The U.S. Department of Homeland Security was the third federal department to be targeted in a major cyber attack, the U.S. media reported Monday, a day after Washington revealed the hack could have been coordinated by a foreign government.
The Washington Post quoted anonymous officials as saying that DHS – which deals with protecting the country from attacks both online and off – has been added to a growing list of targets in the attack, including the Treasury and Commerce departments.
A statement from DHS on Monday did not confirm the report, saying only that it is “aware of cyber violations in the federal government and is working closely with our public and private sector partners on the federal response.”
The Cybersecurity and Infrastructure Agency (CISA), which is attached to DHS, said on Sunday that it ordered federal agencies to immediately stop using SolarWinds Orion IT products following reports that hackers used a recent update to gain access to internal communications. .
“We urge all our partners – in the public and private sectors – to assess their exposure to this compromise and secure their networks,” said CISA Acting Director Brandon Wales.
Over the weekend, SolarWinds acknowledged that hackers exploited a backdoor in an update to some of its software released between March and June.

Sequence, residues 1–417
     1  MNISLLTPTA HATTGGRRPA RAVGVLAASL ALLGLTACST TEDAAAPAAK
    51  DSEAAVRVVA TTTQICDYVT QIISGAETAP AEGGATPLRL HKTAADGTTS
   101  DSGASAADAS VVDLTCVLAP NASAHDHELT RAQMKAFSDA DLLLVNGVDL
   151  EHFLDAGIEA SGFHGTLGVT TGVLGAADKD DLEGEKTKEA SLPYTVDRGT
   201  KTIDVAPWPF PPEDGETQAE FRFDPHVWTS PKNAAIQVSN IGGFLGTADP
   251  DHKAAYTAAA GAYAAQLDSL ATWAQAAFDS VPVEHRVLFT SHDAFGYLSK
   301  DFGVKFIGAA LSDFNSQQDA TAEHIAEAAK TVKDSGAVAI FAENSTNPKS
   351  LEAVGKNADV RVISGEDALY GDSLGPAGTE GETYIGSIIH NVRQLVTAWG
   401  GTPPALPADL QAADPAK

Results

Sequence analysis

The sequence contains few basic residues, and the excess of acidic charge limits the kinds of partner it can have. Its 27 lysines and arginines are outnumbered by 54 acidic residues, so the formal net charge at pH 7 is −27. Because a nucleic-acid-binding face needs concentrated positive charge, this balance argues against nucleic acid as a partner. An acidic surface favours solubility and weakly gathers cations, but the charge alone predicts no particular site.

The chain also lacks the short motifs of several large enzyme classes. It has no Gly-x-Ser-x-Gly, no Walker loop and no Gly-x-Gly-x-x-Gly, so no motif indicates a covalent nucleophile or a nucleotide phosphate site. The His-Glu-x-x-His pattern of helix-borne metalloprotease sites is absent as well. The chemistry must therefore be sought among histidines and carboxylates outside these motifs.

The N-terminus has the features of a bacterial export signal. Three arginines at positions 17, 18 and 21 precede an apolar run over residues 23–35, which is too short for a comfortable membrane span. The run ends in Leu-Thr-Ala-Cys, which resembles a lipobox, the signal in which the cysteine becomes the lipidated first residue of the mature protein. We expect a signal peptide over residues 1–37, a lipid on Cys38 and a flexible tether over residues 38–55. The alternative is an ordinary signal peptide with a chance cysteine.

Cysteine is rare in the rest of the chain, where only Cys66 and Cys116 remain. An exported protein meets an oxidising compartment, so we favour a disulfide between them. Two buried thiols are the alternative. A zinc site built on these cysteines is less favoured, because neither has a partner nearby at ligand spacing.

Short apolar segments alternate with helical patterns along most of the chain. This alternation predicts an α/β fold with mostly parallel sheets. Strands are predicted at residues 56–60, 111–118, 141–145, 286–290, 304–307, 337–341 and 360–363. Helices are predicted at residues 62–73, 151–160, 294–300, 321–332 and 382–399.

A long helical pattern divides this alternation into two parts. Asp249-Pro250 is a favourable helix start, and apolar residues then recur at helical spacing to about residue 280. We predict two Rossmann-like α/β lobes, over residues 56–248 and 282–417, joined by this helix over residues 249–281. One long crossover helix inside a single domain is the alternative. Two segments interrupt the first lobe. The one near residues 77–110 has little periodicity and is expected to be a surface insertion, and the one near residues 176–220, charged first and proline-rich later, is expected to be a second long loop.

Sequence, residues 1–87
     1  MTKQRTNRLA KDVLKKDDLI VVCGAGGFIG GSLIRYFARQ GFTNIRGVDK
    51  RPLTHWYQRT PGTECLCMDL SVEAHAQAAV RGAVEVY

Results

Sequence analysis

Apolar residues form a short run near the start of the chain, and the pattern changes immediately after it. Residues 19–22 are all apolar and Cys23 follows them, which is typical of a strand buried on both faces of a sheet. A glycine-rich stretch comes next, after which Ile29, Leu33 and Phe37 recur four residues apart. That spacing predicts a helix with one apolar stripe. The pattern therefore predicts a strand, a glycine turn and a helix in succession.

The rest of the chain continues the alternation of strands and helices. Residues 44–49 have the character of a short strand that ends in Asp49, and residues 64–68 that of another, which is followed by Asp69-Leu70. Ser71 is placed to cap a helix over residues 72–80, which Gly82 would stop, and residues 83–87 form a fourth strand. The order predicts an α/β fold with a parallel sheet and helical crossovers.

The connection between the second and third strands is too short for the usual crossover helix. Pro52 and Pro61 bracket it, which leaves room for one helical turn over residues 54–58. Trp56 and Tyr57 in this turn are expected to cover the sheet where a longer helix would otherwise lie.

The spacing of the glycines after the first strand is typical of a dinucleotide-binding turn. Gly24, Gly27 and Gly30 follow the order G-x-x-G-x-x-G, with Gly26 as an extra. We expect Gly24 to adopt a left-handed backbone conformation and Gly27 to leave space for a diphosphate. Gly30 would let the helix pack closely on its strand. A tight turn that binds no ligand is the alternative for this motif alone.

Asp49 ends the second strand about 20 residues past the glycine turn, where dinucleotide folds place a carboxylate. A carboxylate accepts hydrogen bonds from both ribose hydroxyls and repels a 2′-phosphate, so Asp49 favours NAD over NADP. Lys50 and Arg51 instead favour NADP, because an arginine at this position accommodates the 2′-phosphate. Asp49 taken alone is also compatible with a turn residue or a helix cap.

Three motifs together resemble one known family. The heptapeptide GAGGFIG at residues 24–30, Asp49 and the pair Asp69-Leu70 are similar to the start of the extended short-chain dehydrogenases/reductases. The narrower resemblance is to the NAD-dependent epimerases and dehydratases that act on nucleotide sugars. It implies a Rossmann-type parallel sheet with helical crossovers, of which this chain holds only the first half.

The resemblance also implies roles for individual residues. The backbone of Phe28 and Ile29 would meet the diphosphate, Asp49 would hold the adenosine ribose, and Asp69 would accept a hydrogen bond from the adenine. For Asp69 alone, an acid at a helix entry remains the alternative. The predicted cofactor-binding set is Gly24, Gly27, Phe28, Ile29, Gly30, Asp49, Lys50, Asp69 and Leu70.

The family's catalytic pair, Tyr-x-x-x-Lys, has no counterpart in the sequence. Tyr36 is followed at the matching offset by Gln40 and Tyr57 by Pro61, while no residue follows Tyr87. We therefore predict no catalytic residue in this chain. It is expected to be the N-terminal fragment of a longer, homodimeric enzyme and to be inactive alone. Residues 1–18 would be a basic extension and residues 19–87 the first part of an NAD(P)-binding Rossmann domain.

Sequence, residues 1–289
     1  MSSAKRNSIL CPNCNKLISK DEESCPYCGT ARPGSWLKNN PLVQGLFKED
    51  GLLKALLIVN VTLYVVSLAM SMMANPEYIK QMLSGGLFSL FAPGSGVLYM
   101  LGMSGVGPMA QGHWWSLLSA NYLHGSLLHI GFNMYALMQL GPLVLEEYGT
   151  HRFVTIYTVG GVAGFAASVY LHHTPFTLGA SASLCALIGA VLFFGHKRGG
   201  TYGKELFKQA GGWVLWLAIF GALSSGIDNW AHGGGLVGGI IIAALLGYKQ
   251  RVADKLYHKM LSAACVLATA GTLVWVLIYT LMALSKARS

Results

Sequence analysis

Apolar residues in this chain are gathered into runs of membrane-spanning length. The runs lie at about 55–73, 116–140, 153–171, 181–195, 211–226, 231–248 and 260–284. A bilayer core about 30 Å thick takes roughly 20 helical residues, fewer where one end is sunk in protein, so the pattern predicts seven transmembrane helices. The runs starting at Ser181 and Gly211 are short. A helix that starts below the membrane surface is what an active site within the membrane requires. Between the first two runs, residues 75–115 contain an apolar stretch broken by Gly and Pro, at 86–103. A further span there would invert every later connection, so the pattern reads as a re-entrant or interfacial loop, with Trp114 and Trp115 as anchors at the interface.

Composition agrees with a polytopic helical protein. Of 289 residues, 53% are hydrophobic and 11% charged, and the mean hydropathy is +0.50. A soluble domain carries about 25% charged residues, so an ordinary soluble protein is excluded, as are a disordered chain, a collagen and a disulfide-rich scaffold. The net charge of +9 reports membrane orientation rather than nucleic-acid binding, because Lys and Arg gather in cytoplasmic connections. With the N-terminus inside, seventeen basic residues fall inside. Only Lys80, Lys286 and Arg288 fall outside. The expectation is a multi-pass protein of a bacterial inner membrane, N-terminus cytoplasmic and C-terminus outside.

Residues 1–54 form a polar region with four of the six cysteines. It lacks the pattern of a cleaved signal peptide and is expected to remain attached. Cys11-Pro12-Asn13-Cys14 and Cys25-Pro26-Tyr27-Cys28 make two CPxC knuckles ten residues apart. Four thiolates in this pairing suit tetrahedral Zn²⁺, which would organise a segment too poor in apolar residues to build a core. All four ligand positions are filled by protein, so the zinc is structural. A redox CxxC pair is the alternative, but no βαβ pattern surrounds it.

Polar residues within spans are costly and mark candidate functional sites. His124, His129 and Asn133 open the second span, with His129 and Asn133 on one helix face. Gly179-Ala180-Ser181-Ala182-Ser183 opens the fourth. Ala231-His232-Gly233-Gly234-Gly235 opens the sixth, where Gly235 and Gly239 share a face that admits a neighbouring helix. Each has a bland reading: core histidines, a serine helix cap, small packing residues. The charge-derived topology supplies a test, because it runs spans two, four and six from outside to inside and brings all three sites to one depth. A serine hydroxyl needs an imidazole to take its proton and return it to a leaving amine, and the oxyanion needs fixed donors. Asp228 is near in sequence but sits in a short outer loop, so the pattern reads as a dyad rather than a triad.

The hacks are part of a larger campaign, which also hit the major cybersecurity firm FireEye, which said its own defenses were violated by sophisticated attackers who stole tools used to test customers’ computer systems.
FireEye said it suspected the attack was state-sponsored and warned it could have affected many high-profile targets around the globe.
“This campaign may have started in the spring of 2020 and is currently underway,” FireEye said in a blog post.
– Russia involved? –
The content that the hackers tried to steal – and how successful they were – is not known at this time.
“We believe this is a nationwide activity on a significant scale, targeting both the government and the private sector,” said IT giant Microsoft, which is also investigating, in a blog post.
While Microsoft refrained from naming a country, several US media outlets pointed to the Russian group “APT29”, also known as “Cozy Bear”.
According to the Washington Post, the group is part of Moscow’s intelligence services and broke servers at the State Department and the White House during the Obama administration.
Russia’s embassy in the United States has categorically denied the allegations in a statement on Facebook.
Both the public and private sectors must be increasingly guarded against such hacks, warned Hank Schless, senior manager at Lookout, a California mobile security company.
“Contradicting nation-states have recognized the value in targeting both sectors, which means that neither is sure of the types of attacks that have government resources behind them,” he said.
Matt Walmsley of Vectra, which provides cyber attack detection services at its California base, agreed.
“Security teams need to drastically reduce the overall risk of a breach by gaining instant visibility and understanding who and what accesses data or changing configurations, no matter how they do it or where,” he said.
(Except for the title, this story was not edited by NDTV staff and is published in a syndicated stream.)